If I thought my brain was exploding before, it certainly is now. I was unable to make a connection on Tuesday night to Elluminate and so I had to listen to the recorded version this morning. Sylvia Martinez certainly gave me some food for thought. I am not a gamer! I really have a strong feeling of negativity when it comes to video games and me playing them. I am surrounded by gamers in my family and I know that my students are avid gamers. I do support gaming as an activity for other people. When my 11 year old son asks me to watch him do something cool on a video game, I can even get feeling nauseous from the fast action-Good grief!
I am not sure that I have noticed the “hot” debate about video games, mainly because my mind has been occupied with other educational debates. When I stopped to think about it, I realized that there is a debate out there. I had a couple of thoughts on why we are having the debate.
1. We cannot deny the movement and the necessity of 21 century learning and engaging children in their learning by giving students what they need and want. I happened to come across a very interesting video at google videos this morning, School Matters: The Games Children Play, that I attempted to include in this post without any luck, so a link will have to do. It made a lot of the same points as Sylvia Martinez presented to ECI831, with some other issues added on. Dr. Henry Jenkins, Director of Comparitive Media Studies at MIT, said the following:
“If you ask a child what is bad about a video game, they will reply, ‘when it is too easy’. If you ask a child what is bad about an assignment, they will reply, “when is it too hard.” Dr. Jenkins felt that this summed up a fundamental problem with our teaching strategies and felt, as Sylvia Martinez did, that we need to try harder to link video game attributes to things that students are doing in the classroom.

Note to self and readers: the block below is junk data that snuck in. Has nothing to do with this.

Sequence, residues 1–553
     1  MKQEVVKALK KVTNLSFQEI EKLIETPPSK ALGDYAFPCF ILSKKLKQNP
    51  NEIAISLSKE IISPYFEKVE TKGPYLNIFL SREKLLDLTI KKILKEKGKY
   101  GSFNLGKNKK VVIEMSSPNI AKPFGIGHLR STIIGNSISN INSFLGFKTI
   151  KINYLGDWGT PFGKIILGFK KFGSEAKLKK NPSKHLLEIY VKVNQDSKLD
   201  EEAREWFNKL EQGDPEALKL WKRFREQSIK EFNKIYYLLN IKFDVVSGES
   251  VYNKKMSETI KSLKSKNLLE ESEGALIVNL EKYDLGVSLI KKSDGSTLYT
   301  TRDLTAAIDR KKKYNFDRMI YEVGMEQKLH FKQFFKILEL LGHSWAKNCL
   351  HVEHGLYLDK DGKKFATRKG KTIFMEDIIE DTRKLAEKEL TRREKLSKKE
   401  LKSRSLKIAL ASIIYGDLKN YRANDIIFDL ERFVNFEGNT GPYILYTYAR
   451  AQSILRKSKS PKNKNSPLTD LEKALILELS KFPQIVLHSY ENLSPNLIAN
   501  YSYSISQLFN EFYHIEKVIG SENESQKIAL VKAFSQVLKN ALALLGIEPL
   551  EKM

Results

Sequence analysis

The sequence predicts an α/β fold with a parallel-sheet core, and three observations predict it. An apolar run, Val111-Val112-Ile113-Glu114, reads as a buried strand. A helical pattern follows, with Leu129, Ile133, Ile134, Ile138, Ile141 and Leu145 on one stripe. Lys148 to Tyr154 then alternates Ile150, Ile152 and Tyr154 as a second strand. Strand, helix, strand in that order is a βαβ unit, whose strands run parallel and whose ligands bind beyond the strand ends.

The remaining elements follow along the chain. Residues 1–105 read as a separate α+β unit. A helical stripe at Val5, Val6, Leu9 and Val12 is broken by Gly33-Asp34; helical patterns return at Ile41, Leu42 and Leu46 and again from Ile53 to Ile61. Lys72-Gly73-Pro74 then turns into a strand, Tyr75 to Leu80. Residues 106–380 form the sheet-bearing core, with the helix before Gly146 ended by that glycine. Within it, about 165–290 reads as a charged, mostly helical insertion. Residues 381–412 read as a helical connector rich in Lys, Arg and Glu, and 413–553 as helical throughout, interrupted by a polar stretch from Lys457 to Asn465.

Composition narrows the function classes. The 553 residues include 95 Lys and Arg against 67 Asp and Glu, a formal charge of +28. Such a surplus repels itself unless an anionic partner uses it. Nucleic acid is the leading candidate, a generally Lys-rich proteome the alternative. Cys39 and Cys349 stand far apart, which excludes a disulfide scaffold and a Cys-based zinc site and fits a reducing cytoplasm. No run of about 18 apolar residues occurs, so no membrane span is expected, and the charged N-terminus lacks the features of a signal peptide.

2. Many teachers and parents do not see the educational value to gaming in school. Sylvia Martinez brought up an interesting point when she said, just because something is labeled ‘educational’ doesn’t mean that it is. Of course we all know we can’t believe everything that we read, but do we really stop and think about what we are actually trying to achieve with our “teaching” activities? I think parents and teachers can be lulled into thinking that we are spending “useful” time if something is labeled “educational”. The other side of that, I guess is, does everything we are doing have to be educational? Again it comes back to our definition of education and what we are trying to achieve. We need to be a lot more aware of what the game “says” it does and what we are actually hoping to achieve by having our students play the game.
3. There seems to be a lot of media hype on the issue of violence in video games and what effect that has on young children. Of course there are two sides to this debate as well, but the connection does not help when it comes to educating parents on the benefits of the use games in school other than the “educationally” labeled games.
4. The link between the amount of time children spend on playing video games/social media networks and childhood obesity is another topic of debate. You do not have to look far to see many headlines on this topic. Video games and other sedentary activities get an automatic bad rap. Schools are under pressure to add in more physical education and get those kids moving and this can help create a negative attitude toward using video games at school.
5. There is a debate about the rise of video games causing the death of reading, and reading is one of the number one factors that is linked to student success. According to James Gee, Professor of Education at the University of Wisconson, also seen the the video, “School Matters: The Games Children Play” …video gaming and other social media activities actually cause students to do more reading and writing than ever before, it is just the modes have changed and are not looking the same as our traditional ideas of what constitutes reading and writing.
I had never really thought about the creating side of games before, mainly because I am not a game player and not hugely comfortable with activities that I perceive require huge amounts of technical ability. I checked out the Scratch game creating site and even though I did not have much time to spend there, I realized, once again, that there are so many tools available that I am not taking advantage of. It is funny how everything starts to connect-we are moving toward student controlled learning and it makes sense that designing games puts the learner in charge.
One thing is for sure, the debate will probably continue. Schools need to work hard to educate parents on gaming by putting forth positive examples. It meshes so well with all the other changes and debates that are going on right now, that we have a great opportunity to be proactive in squashing some of the negative hype. Catch you on the back channel.